Friday, March 04, 2005

We've Lost Some Theatre Greats Recently, Huh?

42nd St. Moon Administrator, Annette, emailed me upon John Raitt's passing. Seems in a previous life as a journalist (!) Annette had gotten to interview the great Raitt. This was 10 years ago.

We tend to think of all things digital as eternal, but Annette is experiencing a common frustration...she has the interview on some disk in some format that simply doesn't exist anymore. She can't recover the data...what a bummer.

What I loved about Raitt's obit was the fact that after his big Broadway successes were a memory, and his one film starring role failed to lead to more, he just continued to work. He did national tours. He did summer stock. He was a working actor first, a star second.

I think Ossie Davis, on the other hand, may well have been an activist first, actor second. Sometimes I think Morgan Freeman has taken on the mantle of saintly, wise African-American figure, but he's doing it in the movies. Ossie did it in life. Not the least of his role model behavior was his lengthy marriage to fellow actor, Ruby Dee. They surely join Cronyn/Tandy and Newman/Woodward as examples that even show biz folks can build long-lasting relationships.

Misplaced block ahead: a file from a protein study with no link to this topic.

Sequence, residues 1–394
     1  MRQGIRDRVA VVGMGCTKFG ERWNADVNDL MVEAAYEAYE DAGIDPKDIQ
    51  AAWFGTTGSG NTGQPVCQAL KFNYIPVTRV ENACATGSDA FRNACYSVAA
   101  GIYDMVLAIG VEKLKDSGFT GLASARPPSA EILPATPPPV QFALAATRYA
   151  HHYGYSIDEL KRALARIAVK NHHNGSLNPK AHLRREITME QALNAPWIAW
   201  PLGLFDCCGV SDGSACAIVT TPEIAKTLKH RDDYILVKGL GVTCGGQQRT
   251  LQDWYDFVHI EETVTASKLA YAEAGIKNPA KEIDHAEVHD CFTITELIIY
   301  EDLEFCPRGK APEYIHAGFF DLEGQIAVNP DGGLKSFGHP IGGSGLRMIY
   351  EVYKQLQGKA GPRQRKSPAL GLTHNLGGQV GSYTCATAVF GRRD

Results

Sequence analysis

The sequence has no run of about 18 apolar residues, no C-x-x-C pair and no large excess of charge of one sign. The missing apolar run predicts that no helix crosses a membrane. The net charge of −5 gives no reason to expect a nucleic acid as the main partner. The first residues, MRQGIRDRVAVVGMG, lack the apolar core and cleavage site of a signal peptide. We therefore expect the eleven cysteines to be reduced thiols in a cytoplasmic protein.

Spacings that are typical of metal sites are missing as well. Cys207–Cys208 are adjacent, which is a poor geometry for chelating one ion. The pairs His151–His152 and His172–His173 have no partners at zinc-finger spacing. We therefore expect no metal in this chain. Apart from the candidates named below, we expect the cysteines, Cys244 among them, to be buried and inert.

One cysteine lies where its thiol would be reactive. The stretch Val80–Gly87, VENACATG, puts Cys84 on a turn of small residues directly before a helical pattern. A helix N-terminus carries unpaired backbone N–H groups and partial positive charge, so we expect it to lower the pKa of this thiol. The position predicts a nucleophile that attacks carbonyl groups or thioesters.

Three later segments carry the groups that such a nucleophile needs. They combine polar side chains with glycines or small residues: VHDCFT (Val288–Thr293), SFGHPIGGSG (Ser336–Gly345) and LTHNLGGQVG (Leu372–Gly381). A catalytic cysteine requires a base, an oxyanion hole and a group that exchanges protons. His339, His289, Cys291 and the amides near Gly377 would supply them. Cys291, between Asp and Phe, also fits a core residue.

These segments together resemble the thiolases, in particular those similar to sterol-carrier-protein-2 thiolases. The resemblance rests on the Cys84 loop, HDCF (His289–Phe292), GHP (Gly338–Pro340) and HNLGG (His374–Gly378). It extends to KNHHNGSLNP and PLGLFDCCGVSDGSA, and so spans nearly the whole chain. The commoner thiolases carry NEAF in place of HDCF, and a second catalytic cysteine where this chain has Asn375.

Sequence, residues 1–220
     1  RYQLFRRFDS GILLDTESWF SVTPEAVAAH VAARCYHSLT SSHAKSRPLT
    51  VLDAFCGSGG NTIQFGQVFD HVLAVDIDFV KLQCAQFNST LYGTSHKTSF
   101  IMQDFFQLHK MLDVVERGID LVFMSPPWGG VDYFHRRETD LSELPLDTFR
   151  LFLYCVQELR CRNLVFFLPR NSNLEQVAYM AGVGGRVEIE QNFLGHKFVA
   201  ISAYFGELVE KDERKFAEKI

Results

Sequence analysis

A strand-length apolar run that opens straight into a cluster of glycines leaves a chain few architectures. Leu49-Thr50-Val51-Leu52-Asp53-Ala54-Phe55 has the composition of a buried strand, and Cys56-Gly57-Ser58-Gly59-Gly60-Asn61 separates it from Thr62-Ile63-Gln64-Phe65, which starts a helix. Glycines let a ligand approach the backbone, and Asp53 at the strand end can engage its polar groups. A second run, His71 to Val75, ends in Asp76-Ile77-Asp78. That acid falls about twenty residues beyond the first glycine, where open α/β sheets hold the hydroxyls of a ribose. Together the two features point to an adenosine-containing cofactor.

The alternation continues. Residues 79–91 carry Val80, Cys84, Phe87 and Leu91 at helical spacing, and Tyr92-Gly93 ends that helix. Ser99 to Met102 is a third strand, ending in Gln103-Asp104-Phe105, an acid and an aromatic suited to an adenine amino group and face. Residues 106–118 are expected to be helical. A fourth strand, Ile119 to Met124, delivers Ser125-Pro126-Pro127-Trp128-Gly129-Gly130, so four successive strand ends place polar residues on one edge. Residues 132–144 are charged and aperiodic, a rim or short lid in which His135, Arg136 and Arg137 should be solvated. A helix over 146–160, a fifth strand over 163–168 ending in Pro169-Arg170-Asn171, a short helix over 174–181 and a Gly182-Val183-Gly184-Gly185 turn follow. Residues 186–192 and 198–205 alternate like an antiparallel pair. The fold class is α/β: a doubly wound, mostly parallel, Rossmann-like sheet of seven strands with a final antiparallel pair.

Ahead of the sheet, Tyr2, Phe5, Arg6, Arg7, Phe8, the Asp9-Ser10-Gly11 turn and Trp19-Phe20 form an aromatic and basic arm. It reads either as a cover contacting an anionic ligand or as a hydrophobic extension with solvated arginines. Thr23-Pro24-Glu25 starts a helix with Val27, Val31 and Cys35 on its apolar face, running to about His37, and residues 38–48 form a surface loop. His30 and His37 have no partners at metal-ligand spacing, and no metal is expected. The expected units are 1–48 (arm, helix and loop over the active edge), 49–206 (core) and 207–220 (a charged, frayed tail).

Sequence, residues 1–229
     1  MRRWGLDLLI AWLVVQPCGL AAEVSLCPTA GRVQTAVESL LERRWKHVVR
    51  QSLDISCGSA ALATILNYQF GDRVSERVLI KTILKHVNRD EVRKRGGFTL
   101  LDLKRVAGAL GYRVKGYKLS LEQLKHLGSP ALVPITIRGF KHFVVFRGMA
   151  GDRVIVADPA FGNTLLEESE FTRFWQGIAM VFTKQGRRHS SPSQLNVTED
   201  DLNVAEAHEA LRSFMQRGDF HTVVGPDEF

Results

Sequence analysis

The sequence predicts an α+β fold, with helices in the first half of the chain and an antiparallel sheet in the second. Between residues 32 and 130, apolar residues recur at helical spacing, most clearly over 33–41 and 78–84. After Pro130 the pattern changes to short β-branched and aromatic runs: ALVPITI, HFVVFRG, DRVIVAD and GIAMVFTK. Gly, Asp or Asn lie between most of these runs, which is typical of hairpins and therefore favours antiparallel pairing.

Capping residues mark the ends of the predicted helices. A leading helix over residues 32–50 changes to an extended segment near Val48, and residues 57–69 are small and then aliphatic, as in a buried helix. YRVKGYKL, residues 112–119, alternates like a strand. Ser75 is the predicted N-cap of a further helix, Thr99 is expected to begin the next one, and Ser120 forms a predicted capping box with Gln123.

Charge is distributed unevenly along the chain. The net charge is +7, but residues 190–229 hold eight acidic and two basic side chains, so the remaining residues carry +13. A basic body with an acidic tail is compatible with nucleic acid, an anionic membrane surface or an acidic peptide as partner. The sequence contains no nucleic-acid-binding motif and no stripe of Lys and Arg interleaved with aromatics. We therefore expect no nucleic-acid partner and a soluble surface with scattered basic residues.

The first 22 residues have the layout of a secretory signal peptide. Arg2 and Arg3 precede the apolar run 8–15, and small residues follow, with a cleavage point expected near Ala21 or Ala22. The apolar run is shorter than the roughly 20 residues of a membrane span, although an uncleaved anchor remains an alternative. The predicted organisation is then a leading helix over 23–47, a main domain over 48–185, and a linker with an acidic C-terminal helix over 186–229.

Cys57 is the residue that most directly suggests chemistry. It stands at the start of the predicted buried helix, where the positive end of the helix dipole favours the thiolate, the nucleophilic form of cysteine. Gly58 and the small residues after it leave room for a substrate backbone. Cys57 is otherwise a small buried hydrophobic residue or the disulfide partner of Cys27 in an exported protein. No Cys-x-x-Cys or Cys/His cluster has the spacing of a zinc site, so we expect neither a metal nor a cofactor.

Then there's Jerry Orbach, the only of these great performers that I saw live, both in Chicago and 42nd St. Today's audiences knew him from Law & Order; the previous generation may remember his best as Baby's father in Dirty Dancing ("when I'm wrong, I say I'm wrong.") I remember him first from my Fantastiks album.

All three of these guys were theatre stars first, and returned to the theatre again. I do wish Jerry had done one great role in his post TV stardom would have shown a whole new side to him to L&O fans. Can you imagine if he's subbed in for Billy Flynn in the current Chicago revival? Awesome!

It really came in threes this time: three great theatre leading men gone with just a few weeks of one another. I hope Annette finds her John Raitt interview or can convert it, but if she can't, suffice to say she said it was an honor to speak with him.

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